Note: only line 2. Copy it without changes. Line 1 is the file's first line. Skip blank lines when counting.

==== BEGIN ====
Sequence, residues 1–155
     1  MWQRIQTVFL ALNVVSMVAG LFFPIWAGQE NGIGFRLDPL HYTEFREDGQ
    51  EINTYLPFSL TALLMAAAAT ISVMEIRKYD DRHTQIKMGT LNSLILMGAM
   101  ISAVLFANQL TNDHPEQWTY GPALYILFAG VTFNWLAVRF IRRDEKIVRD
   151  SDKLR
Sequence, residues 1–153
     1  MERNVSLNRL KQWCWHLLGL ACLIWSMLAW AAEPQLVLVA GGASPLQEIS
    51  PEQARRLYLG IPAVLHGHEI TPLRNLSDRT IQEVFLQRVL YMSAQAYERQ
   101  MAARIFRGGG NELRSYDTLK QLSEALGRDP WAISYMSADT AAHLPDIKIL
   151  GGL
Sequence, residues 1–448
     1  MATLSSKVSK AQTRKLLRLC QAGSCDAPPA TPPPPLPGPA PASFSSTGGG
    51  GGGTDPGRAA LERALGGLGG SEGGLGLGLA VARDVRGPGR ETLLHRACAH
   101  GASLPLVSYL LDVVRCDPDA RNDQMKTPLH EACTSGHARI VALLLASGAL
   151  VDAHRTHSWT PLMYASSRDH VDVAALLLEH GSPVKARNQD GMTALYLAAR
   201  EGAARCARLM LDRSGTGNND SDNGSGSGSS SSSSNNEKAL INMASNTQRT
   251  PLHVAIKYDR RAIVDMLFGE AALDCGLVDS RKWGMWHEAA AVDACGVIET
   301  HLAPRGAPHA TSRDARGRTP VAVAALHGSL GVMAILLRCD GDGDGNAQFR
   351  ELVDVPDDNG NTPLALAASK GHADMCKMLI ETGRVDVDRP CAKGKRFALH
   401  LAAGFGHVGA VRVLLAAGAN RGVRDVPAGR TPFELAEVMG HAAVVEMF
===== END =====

     1  MWQRIQTVFL ALNVVSMVAG LFFPIWAGQE NGIGFRLDPL HYTEFREDGQ